The question how far a defendant is liable in tort for the unintended consequences of his wrongful act, generally supposed to have been settled for England by the case of In re Polemis and Furness, Withy & Co., Ltd., has recently been reopened by the House of Lords decision in the case of Liesbosch Dredger v. S. S. Edison. Defendants, owners of the Edison, negligently sank the plaintiffs' dredger Liesbosch while the latter was being used by the plaintiffs in performance of a profitable contract to construct a harbor at Patras, Greece. There was evidence that, had the plaintiffs had the necessary capital at their disposal, they could have purchased another dredger in Holland. Unfortunately all of plaintiffs' resources were tied up, and to continue work on the contract, which contained severe penalty clauses for failure to complete performance within a specified time, plaintiffs entered into negotiations to hire another dredger. Several months elapsed, during which all work on the harbor had to be suspended, before they succeeded in hiring the Adria, a somewhat larger dredger, at an admittedly high rate of hire. After operating the Adria for a year, the plaintiffs found the cost of hire so burdensome that they prevailed upon the Patras harbor authorities to purchase the Adria for cash and resell her to them on the installment plan.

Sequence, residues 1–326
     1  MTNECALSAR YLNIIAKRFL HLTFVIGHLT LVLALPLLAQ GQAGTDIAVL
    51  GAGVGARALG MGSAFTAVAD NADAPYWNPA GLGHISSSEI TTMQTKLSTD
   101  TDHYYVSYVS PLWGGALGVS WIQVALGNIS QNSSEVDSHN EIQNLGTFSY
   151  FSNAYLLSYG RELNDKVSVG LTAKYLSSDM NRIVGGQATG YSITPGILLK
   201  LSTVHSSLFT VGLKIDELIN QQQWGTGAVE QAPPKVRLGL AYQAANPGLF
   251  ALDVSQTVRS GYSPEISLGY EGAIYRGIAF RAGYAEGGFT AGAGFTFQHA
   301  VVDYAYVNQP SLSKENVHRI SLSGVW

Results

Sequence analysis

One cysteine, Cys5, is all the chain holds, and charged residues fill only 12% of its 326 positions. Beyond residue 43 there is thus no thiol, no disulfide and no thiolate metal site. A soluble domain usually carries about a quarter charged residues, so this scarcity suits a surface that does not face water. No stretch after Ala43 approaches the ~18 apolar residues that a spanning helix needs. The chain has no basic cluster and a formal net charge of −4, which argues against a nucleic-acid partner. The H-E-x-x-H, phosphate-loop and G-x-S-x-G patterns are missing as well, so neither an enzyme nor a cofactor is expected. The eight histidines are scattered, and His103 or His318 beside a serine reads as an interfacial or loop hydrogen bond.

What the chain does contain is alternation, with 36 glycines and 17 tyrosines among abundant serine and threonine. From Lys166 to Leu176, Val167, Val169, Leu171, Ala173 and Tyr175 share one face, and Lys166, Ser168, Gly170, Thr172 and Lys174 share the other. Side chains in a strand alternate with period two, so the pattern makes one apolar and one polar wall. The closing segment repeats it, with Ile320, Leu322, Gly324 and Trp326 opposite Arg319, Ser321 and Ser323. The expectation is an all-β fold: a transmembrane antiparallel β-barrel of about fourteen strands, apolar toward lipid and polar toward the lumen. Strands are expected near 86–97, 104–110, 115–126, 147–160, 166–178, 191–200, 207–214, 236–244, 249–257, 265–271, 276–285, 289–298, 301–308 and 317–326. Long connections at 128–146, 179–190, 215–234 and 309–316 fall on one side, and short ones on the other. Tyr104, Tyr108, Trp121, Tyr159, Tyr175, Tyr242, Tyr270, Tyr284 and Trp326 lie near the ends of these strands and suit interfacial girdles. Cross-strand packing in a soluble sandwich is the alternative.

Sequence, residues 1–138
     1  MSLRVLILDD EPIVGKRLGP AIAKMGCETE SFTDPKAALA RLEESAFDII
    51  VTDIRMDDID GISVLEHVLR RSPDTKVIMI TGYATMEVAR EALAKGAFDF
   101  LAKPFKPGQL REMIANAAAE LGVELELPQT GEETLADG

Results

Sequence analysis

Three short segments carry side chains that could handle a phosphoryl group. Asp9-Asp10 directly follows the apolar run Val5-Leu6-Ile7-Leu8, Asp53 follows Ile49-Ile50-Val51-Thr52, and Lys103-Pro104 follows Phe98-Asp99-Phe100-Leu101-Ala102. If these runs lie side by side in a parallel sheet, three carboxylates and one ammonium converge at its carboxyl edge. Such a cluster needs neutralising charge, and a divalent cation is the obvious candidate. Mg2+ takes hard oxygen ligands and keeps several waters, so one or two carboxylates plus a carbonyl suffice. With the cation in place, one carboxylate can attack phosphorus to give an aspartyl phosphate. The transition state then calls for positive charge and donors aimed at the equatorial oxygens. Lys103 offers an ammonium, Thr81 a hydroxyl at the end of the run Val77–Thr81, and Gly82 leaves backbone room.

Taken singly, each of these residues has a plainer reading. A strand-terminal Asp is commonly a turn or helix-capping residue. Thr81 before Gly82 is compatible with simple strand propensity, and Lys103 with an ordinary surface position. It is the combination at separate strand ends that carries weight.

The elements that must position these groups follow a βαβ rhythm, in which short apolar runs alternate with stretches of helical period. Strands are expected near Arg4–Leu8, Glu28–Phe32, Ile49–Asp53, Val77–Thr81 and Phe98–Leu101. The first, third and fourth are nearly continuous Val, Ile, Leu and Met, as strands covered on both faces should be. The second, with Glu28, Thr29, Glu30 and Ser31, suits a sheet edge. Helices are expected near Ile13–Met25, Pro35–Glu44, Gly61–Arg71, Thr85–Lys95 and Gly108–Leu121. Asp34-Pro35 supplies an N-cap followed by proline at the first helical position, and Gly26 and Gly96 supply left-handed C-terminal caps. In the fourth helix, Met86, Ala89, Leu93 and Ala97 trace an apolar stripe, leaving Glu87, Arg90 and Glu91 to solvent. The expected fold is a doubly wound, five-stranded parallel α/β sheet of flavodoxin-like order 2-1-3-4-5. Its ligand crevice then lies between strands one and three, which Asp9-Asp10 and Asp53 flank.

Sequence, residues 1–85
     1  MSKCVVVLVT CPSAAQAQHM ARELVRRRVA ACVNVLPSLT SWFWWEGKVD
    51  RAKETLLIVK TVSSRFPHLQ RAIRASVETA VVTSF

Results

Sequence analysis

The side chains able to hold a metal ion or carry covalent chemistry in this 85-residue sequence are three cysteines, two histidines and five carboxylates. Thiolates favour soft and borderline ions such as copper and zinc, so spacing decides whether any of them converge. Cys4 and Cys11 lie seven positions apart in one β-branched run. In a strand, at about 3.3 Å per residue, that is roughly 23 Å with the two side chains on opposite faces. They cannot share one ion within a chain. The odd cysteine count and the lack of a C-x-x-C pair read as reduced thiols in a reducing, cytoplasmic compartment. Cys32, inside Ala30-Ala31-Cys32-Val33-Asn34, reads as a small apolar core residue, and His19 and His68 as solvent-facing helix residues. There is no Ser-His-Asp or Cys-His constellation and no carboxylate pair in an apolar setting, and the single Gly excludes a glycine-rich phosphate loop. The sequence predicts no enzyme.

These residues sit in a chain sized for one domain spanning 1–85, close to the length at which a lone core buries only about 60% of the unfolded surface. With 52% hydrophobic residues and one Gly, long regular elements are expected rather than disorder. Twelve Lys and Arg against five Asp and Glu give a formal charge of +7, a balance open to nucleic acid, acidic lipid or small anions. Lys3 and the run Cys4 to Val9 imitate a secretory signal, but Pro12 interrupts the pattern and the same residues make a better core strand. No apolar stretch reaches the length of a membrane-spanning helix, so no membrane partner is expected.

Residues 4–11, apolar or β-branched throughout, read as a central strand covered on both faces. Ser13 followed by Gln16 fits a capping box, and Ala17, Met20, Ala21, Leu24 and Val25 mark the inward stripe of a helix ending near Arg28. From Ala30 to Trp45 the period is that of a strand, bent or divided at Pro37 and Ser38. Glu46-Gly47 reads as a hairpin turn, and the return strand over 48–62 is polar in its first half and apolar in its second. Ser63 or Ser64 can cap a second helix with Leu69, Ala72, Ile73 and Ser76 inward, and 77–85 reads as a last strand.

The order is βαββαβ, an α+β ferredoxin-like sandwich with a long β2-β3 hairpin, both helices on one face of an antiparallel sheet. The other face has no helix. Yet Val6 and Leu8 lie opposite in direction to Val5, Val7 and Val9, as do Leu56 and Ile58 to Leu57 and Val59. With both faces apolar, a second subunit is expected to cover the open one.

George C. Tilley,
THE ENGLISH RULE AS TO LIABILITY FOR UNINTENDED CONSEQUENCES,
Mich. L. Rev.
Available at: https://repository.law.umich.edu/mlr/vol33/iss6/2